Although it’s possible to train a parrot to poop on command, this method is dangerous. Your bird may be so eager to please you that it incurs life-threatening kidney damage while waiting for that verbal command to poop.
So, how do you master your bird’s bathroom schedule?
Simply pay attention!
Responsible potty training has more to do with training yourself than the bird. It’s not about asking your bird to go but making sure you understand when they go and providing them with an appropriate spot to do so.
Many birds use the bathroom as often as every ten to 20 minutes, though it’s highly individual. Watch your bird for its restroom pattern and habits.
Some birds may give you signs before relieving themselves, such as a subtle change in posture, a certain look in the eyes, or a ruffling of its tail feathers.
Even so, every bird is different and will give you varying cues and body language. Therefore, it’s upon you to read the signs your pet is giving.
As for my birds, before they poop, they make a backing up motion, which I feel even if I can’t see them. That’s usually my cue:Forums.avianavenue
Though, it should not be too hard to grasp the cues if you spend enough time with your birdie.
When you’ve mastered your bird’s toilet etiquette, the other thing you need to do is (if you haven’t already) identify the spot where you need him to use as the bathroom, then focus the bird’s attention on that area gradually.
Try to take your bird to the potty spot as much as possible and consistently. And every time your birdie uses the bathroom correctly, be sure to praise him with kind words and tasty treats.
Slowly but surely, your bird will start to understand and associate popping in the right place with fun and rewards.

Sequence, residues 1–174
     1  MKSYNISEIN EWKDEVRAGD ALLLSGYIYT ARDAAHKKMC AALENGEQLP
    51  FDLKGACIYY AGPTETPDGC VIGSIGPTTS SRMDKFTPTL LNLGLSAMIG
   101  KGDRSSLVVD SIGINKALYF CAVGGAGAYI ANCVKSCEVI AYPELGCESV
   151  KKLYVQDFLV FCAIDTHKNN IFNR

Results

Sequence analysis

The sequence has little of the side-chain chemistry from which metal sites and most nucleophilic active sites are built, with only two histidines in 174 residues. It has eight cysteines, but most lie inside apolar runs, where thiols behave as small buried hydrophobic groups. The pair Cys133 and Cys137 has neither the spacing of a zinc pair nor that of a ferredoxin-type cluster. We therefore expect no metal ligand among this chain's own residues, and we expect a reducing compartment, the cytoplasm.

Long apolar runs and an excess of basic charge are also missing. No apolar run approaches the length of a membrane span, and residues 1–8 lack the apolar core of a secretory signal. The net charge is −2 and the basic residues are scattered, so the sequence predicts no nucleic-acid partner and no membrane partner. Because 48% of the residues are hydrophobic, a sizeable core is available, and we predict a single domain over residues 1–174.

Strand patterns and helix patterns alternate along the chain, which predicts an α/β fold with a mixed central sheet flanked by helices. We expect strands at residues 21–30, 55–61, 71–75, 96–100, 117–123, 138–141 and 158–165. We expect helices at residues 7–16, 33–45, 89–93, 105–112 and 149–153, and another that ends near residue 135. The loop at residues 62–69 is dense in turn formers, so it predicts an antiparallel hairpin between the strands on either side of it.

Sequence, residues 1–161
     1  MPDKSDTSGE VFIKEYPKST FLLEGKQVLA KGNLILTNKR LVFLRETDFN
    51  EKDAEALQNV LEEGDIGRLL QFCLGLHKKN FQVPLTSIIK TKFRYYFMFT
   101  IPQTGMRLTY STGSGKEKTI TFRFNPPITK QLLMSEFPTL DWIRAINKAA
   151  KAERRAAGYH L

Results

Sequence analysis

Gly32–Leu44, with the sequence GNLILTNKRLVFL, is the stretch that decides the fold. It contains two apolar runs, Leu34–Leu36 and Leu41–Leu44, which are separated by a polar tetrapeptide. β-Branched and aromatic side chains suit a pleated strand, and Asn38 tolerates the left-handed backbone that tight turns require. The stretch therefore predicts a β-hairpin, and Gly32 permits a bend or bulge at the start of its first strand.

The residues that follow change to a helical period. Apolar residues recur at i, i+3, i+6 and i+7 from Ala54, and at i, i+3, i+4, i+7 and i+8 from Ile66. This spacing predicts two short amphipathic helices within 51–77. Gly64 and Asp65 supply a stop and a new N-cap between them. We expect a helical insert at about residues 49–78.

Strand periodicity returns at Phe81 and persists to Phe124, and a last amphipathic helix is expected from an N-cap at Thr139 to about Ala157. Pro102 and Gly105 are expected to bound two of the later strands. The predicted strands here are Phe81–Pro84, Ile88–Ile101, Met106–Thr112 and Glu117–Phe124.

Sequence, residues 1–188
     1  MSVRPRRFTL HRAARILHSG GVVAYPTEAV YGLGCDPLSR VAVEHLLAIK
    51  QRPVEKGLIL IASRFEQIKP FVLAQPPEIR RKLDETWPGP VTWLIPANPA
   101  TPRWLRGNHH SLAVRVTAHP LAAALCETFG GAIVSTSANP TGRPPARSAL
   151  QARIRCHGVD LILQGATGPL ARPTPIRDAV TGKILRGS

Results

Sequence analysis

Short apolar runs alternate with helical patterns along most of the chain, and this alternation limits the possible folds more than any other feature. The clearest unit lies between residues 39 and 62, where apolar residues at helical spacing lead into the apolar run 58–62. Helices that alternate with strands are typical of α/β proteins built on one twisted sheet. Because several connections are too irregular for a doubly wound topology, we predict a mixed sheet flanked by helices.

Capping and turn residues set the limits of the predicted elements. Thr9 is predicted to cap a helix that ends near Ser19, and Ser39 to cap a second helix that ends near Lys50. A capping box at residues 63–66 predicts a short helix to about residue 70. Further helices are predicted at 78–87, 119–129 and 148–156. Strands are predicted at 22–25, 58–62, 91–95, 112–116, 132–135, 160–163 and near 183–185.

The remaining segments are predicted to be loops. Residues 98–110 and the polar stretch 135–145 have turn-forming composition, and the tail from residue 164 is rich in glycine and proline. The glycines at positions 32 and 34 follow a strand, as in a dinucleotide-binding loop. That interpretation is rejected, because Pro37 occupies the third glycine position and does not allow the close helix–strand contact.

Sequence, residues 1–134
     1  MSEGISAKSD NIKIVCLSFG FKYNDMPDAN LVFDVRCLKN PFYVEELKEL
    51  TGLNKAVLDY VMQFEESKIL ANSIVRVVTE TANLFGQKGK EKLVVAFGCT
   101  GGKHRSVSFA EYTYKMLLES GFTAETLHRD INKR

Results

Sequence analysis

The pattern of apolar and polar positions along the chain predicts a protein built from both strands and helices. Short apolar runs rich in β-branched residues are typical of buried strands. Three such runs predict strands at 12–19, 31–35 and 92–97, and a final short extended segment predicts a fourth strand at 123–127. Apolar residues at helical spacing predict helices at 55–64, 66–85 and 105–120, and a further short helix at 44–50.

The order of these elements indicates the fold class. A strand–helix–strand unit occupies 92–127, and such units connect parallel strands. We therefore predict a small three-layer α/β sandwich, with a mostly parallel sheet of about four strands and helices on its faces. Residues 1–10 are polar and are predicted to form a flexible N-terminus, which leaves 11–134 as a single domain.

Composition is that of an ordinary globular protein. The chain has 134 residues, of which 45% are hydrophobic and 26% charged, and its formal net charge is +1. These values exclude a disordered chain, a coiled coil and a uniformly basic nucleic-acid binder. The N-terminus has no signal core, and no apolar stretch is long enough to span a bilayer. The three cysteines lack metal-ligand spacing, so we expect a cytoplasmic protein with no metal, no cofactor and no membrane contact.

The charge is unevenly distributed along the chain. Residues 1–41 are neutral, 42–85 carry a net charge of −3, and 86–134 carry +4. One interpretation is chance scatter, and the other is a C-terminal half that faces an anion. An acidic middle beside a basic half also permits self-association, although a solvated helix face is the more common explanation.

How Often Do Pet Birds Poop
As we saw before, most birds use the bathroom (poop) as often as every ten to 20 minutes, though it’s highly individual.
Usually, the frequency is higher in smaller birds such as finches and sparrows, though the poops are mostly tiny.
Medium-sized parrots such as parakeets and cockatiels go every 20 minutes, but it’s more than larger parrots such as macaws and African greys that only need to go once every half to one hour.
Babies will poop more than adults as well.
The poops are easy to clean up, especially with smaller birds, but from larger birds, they tend to stick more and leave a residue…
…either way, all birds can be trained to poop in one area.
Understanding how often your bird needs to use the bathroom is crucial to mastering his schedule and when to take him to the potty spot coupled with the cue your bird gives.
Can You Potty Train A Cockatiel, Budgie, Lovebird
All birds and parrot species have some sort of instinct to no poop all over, and some might go as far as potty training themselves.
When properly trained, most will automatically go when picked up and held over a potty spot and even act out cues and signs whenever they want to go.
So, the answer to this questions is YES!
Cockatiels, budgies (parakeets), lovebirds, pigeons, conures, African greys, lorikeets, Amazon parrots, quaker parrots, cockatoos, and any other bird you have can be potty trained. They might not all be equally intelligent or even learn things the same way, but eventually, all species will get the hang of it.
The essential thing is to make sure you train them the right way. Don’t command, but instead, watch your bird, understand how he communicates and structure the lesson around what is natural to your pet birdie.